In Donald G. Turnball’s now infamous letter to Astounding Science Fiction in 1938, he complained that there were too many women in the magazine’s stories.
‘‘A woman’s place is not in anything scientific,’’ he wrote. ‘‘Of course the odd female now and then invents something useful in the way that every now and then amongst the millions of black crows a white one is found.’’
What strikes me both in this letter and in Merrick’s exquisitely researched (and Hugo nominated) The Secret Feminist Cabal is how recent this thread of history is. Seventy-five years of cultural change is nothing. In under a century, to quote the equally notorious cigarette ad, women in SF have ‘‘come a long way, baby.’’
Merrick traces how the field has evolved over the last ninety years, from a boys’ club to a moderately inclusive field – inclusive for women, that is. Merrick concludes this work with the frontiers being pushed for people of color and for GLBT readers and writers who are still shoved to the SF/F margins. Fortunately, Merrick’s scholarship is current enough to include the debate nicknamed ‘‘RaceFail ’09’’ in the online genre communities, which will probably be the subject of its own academic field in another 50 years.
While Merrick does an amazing job of tracking the rise and fall and rise again of feminism in the genre and its attendant fan communities, what strikes me most as a reader is that her analysis could also be applied to feminism in society as a whole; that is, genre plays out as a microcosm of greater political thought. Which isn’t really a surprise, since SF is made up of people who interact with the larger world – but it hammers home again that these sorts of analyses are not only a history of a community but of a larger movement as well.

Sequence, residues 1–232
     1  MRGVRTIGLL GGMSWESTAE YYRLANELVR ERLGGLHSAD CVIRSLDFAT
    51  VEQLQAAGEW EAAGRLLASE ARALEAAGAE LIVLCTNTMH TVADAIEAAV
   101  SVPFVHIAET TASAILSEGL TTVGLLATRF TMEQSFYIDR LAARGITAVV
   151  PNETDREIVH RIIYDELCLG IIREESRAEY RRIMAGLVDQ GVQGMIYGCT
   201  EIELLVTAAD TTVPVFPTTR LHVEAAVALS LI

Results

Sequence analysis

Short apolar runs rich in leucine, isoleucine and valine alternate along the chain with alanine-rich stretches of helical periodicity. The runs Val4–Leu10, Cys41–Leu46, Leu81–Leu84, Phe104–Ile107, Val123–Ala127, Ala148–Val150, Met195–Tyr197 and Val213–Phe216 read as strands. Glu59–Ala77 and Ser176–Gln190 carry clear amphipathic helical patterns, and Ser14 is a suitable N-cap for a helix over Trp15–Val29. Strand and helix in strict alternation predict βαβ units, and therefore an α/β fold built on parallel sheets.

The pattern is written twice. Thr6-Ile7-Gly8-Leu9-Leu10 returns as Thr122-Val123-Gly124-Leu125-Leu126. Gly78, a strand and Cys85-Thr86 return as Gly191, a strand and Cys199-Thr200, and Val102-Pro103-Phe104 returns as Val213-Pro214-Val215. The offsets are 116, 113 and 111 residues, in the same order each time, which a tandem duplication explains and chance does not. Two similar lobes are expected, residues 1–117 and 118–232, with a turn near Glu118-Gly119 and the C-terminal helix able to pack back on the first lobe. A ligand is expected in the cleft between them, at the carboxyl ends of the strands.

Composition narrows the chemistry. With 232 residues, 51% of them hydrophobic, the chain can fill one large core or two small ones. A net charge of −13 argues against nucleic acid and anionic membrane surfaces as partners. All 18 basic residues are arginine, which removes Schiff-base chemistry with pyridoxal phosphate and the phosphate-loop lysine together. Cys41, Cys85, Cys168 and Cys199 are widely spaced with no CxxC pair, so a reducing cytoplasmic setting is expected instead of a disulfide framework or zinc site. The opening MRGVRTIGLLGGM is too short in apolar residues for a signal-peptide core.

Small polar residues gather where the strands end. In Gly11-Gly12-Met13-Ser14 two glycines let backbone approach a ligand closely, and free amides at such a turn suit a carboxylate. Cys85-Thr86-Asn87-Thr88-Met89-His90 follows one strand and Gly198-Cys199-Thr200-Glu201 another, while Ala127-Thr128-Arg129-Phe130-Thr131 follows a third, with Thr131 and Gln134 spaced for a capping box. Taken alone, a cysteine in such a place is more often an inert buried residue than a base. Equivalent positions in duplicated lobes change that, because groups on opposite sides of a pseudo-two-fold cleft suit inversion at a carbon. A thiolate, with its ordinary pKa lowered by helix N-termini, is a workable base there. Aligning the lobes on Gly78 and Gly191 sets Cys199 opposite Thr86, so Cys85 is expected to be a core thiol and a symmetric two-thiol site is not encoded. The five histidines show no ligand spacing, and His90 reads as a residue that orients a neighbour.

At times, yes, Merrick’s prose can lean toward the overly academic, even for those who are fluent in that language. It’s a minor complaint and one that shouldn’t overwhelm what Cabal does. Merrick has captured history as it unfolded (and continues to unfold) and cited as many of the major and minor players as she could find. The bibliography alone is worth the price of admission, and it will be fascinating to see what future thinkers will build on the foundation they have been handed.
On a personal level, Cabal has inspired me to dust off my copy of Farah Mendlesohn’s On Joanna Russ, which is also up for a Hugo this year. Merrick’s work put Russ into context for me and makes me want to know more about who helped women in the field move as far as they have in so short a time.